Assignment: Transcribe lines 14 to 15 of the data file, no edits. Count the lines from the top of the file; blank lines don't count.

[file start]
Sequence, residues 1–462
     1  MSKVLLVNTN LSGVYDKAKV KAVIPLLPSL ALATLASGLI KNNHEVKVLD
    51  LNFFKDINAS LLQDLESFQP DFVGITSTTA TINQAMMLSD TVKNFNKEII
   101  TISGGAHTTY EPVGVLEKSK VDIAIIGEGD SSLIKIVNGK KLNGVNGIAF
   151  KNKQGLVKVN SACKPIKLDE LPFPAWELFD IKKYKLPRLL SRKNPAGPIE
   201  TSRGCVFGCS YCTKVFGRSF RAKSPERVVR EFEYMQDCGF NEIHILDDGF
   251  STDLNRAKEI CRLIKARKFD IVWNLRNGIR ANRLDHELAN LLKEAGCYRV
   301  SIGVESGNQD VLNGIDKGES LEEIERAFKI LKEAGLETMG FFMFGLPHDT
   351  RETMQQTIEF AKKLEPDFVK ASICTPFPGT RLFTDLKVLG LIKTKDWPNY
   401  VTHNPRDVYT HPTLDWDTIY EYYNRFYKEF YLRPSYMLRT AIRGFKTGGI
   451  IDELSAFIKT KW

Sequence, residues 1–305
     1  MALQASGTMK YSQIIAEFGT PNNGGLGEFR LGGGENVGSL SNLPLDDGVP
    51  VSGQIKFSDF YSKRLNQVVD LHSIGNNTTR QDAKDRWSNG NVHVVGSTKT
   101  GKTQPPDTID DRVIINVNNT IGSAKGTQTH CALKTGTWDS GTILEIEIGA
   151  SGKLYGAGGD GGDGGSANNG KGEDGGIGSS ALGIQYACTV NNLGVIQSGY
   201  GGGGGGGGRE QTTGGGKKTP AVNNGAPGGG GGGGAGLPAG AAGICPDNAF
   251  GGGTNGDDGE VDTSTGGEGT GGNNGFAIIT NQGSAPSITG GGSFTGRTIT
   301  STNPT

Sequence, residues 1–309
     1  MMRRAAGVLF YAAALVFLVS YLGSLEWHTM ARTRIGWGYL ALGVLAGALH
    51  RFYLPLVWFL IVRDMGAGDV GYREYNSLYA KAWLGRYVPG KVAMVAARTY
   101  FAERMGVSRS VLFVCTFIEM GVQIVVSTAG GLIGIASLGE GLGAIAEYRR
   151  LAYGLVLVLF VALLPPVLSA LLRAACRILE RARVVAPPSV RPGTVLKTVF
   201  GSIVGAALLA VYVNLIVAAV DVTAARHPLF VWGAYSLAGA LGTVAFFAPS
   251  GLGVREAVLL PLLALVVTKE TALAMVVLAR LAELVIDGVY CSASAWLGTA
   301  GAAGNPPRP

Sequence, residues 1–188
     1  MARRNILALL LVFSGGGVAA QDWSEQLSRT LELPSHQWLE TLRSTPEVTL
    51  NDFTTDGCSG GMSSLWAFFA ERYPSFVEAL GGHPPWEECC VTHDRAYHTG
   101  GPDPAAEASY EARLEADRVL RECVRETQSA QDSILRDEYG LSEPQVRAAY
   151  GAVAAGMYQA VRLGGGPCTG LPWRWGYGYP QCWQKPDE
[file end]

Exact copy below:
    51  VSGQIKFSDF YSKRLNQVVD LHSIGNNTTR QDAKDRWSNG NVHVVGSTKT
   101  GKTQPPDTID DRVIINVNNT IGSAKGTQTH CALKTGTWDS GTILEIEIGA